Three patients in the Stevens-Johnson syndrome/toxic epidermal necrolysis group, two of them having toxic epidermal necrolysis and one with Stevens-Johnson syndrome-toxic epidermal necrolysis overlap, died - all of them were cases of "possible" drug reactions where a causative role of infections could not be ruled out. All these patients had fever right from disease onset, did not give any history of drug intake prior to the onset of fever, and skin and mucosal lesions started 1-4 days after the onset of fever. All of them had received paracetamol and one had received aceclofenac for fever. These patients had received high doses of systemic steroids (dexamethasone 12, 16 and 24 mg per day, respectively). The causes of death were septicemia, acute respiratory distress syndrome and sepsis with metabolic encephalopathy. Two of these patients had SCORTEN scores of 2 while the third scored 1.
Among the four patients with drug hypersensitivity syndrome, 3 were due to phenytoin and one due to dapsone. Three of them had maculopapular rashes and one had skin lesions clinically suggestive of Stevens-Johnson syndrome. All four patients had elevated liver enzymes and leukocytosis. One patient had eosinophilia. Steroids were given to all four patients at starting doses of 4-8 mg of dexamethasone/day; their duration of hospital stay was 11-15 days and their mortality was zero.
Phenytoin, the most commonly implicated drug in this study, is a well-known cause of severe cutaneous adverse reactions.  Allopurinol, another commonly implicated drug, was causative in one case only. Differences in prescription patterns and population genetics are believed to be responsible for the area-wise variations in the frequency with which drugs cause adverse reactions. 
The frequent association with central nervous system disorders in this series may be because of the use of anticonvulsants which are commonly implicated in these types of drug reactions. Two patients in our series had astrocytoma and one had glioblastoma. Malignancies other than central nervous system tumors were not associated. In the EuroSCAR study, 10.6% of cases were associated with malignancy.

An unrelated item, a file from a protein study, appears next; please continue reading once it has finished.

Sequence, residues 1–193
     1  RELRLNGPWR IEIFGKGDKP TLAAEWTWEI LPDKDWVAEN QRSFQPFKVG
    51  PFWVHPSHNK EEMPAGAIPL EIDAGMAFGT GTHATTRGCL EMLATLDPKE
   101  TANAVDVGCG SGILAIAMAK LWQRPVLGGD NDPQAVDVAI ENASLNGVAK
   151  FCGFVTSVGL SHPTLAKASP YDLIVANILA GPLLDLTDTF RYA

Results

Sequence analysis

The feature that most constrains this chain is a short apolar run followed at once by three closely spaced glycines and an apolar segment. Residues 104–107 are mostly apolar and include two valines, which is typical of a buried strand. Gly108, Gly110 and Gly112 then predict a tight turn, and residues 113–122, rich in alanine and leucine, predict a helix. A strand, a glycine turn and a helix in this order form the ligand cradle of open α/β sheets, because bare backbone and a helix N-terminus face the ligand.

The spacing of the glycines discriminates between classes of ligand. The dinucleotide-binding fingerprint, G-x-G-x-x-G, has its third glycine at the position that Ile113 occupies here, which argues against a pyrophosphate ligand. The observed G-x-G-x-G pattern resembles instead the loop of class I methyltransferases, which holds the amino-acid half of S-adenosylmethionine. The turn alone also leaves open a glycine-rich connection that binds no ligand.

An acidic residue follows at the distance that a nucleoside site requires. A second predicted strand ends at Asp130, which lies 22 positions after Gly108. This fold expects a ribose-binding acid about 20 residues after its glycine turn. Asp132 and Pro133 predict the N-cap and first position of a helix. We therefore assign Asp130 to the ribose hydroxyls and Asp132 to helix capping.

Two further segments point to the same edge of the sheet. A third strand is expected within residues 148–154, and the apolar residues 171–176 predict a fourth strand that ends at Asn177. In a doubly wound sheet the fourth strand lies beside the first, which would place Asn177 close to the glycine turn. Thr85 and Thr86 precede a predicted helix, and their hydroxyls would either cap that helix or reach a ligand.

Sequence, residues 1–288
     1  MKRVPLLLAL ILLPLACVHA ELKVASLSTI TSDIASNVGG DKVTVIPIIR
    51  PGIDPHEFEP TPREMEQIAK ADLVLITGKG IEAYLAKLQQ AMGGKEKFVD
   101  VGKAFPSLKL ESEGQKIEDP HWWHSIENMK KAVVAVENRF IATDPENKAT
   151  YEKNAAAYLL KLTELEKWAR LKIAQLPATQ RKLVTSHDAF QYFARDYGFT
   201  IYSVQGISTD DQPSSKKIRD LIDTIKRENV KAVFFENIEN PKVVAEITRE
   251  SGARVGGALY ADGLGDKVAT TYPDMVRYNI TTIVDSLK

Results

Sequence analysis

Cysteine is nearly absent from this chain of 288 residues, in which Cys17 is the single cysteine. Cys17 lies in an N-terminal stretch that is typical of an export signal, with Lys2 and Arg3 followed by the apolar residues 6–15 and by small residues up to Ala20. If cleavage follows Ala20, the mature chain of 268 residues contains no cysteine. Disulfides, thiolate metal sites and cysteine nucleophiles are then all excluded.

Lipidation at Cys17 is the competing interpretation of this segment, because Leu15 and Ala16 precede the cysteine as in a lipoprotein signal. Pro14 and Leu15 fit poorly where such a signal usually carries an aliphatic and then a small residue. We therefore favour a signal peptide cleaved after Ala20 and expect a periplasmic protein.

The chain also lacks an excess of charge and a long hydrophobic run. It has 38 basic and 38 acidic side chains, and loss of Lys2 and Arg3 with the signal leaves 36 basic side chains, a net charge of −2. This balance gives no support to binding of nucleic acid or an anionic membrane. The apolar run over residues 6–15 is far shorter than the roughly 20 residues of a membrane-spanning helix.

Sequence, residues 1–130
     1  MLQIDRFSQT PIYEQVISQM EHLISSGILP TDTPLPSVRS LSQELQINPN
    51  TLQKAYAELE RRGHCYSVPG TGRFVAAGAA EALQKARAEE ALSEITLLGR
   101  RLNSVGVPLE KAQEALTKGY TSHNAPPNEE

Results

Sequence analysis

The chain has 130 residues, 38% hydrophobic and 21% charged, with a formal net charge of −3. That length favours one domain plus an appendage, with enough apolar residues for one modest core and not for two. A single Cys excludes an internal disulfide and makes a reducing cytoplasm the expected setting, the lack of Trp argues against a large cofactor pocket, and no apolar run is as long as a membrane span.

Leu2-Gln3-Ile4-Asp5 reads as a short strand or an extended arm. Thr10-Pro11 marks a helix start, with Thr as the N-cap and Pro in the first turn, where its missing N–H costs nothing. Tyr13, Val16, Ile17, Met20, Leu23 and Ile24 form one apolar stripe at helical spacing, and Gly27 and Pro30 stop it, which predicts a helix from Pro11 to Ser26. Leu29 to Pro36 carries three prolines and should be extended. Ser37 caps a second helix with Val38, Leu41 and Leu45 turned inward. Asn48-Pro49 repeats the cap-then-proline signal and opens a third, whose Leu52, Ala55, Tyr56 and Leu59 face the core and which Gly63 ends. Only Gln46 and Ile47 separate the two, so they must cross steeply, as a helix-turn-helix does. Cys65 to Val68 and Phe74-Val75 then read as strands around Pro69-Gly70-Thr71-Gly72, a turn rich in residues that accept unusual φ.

Though all cases of Stevens-Johnson syndrome/toxic epidermal necrolysis had multi-organ involvement, only one of them met the criteria for the diagnosis of drug hypersensitivity syndrome based on the RegiSCAR group diagnosis score.
All but two patients in our study were treated with systemic corticosteroids. The complete recovery of all patients of Stevens-Johnson syndrome and two-thirds of the patients with Stevens-Johnson syndrome-toxic epidermal necrolysis overlap and toxic epidermal necrolysis within a period of 2 weeks indicates the usefulness of systemic corticosteroids in these disorders. The relatively low number of cases of toxic epidermal necrolysis compared to Stevens-Johnson syndrome in our study may also indicate an arrest of disease progression at an early phase in response to corticosteroid therapy.
The 3 deaths reported in this study occurred in 3 cases of "possible" drug reactions in which the causative role of infection was not ruled out. The doses of systemic steroids used in these patients were very high (12 mg or more of dexamethasone, intravenously daily).
The treatment of Stevens-Johnson syndrome/toxic epidermal necrolysis includes immediate withdrawal of the culprit drug(s) and management of the patient in a burn care unit with adequate supportive care. Various interventions such as systemic steroids, intravenous immunoglobulin, cyclosporine, thalidomide, cyclophosphamide and plasmapheresis have been tried with variable success.
A major histocompatibility class 1-restricted drug presentation leading to the clonal expansion of CD8 cytotoxic lymphocytes may be responsible for the immune reaction leading to Stevens-Johnson syndrome/toxic epidermal necrolysis. Cytotoxic T cells and natural killer cells are observed to infiltrate the skin lesions of this disorder. Fas-Fas ligand interaction, perforin-granzyme pathway and tumor necrosis factor alpha-tumor necrosis factor receptor 1 interactions are all suggested as mechanisms of keratinocyte death. Granulysin, a cationic cytolytic protein, released by cytotoxic T lymphocytes and natural killer cells is now considered to be the key mediator of disseminated keratinocyte apoptosis.  Drugs having an inhibitory effect on the release and effect of granulysin may have an important role in the treatment of Stevens-Johnson syndrome/toxic epidermal necrolysis group of disorders. Corticosteroids suppress the immunological functions of cytotoxic T lymphocytes and natural killer cells thus preventing keratinocyte death.
The use of systemic steroids in Stevens-Johnson syndrome/toxic epidermal necrolysis is much debated. The EuroSCAR study which analyzed the effect of treatment on mortality in this group of disorders suggested that systemic steroids have a beneficial role. The authors hypothesized that the observation of less severe manifestations in the corticosteroid-treated group could be partly attributed to the therapeutic effect of corticosteroids. 
In India, where treating Stevens-Johnson syndrome/toxic epidermal necrolysis in burn care units is not usually feasible, systemic corticosteroids may continue to have a major role in management. These powerful and affordable immunomodulatory drugs can arrest disease progression and can be life-saving, if judiciously used.